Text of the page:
It is estimated that waste or low value (in my opinion, no-value care) in the clinical sense represents about 5.4–24.6% of all healthcare spending in the U.S.2 The largest percentage of this has been attributed to administrative complexity (7%) and pricing failure (6.1–6.3%). Although half of the waste has not been related to physicians, we do not get off easy. Overtreatment (2–2.7%), care delivery (2.7–4.4%), fraud and abuse (1.6–2.2%) and care coordination (0.7-2.1%) are to varying degrees part of our responsibility.2 Retrospectively labeling a clinical decision to treat is many times a judgment call. But, assigning a profit motive to that decision taints all of us.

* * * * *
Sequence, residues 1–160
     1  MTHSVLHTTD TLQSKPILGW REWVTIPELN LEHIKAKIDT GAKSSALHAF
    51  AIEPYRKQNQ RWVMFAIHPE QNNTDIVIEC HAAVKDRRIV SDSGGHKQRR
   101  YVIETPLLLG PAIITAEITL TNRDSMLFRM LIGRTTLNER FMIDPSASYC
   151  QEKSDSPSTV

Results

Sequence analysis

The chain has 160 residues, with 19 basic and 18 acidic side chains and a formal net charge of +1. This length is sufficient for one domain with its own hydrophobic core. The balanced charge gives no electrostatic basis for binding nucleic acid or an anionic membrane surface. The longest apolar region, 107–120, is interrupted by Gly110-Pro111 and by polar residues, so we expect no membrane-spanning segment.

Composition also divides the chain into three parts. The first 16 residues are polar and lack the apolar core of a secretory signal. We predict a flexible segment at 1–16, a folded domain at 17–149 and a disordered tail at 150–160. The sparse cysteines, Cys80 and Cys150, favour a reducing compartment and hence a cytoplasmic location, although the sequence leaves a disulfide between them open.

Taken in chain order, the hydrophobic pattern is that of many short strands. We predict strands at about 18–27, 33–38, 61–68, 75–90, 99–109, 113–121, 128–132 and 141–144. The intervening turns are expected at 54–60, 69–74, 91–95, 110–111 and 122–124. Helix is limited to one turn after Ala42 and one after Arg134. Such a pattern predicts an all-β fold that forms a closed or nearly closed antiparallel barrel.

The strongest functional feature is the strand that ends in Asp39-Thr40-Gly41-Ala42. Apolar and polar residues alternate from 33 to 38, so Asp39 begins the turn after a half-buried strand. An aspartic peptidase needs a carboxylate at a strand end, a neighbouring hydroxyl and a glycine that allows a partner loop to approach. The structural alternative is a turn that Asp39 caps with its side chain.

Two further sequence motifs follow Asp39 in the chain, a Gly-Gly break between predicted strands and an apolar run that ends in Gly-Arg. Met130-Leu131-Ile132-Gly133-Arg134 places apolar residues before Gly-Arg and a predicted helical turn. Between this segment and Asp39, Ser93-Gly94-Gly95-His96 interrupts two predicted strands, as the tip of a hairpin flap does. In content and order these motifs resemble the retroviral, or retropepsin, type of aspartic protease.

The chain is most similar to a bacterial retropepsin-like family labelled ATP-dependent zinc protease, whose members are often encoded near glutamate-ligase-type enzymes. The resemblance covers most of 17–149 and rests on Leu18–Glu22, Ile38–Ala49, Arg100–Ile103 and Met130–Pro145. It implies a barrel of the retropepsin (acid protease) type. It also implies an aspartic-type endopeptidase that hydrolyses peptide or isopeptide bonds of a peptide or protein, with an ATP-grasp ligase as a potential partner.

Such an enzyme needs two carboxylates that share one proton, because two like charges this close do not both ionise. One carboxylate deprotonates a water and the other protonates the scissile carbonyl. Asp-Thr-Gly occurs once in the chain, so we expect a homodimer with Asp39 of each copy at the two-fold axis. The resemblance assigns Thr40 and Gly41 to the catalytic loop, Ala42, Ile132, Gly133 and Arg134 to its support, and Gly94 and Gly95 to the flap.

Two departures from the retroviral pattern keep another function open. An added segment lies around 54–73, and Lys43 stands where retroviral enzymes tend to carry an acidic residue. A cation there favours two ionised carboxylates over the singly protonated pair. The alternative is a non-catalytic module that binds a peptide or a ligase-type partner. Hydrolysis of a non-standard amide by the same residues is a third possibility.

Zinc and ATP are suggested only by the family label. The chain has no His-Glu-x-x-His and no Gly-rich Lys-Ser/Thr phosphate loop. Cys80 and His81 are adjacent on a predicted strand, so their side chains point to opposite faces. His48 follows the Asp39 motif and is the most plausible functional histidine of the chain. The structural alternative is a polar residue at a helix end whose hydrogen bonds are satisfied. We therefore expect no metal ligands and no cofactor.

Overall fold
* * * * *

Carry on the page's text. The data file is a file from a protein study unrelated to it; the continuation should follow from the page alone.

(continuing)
In a survey of 2,106 physicians from the American Medical Association (AMA) Physician Masterfile, a median of 20.6% of healthcare in the U.S. was seen as unnecessary.3 This included prescription medications (22%), tests (24.9%) and procedures (11.1%). Physicians surveyed estimated that 36% of tests and procedures were unnecessary. Over 70% of them believed that profit was a motivator to perform unnecessary procedures (and I assume tests). Medical specialists were 42.4% of the sample. Granted, the study had limitations, including the fact that most respondents were not in surgical practice and may not have had enough surgical expertise.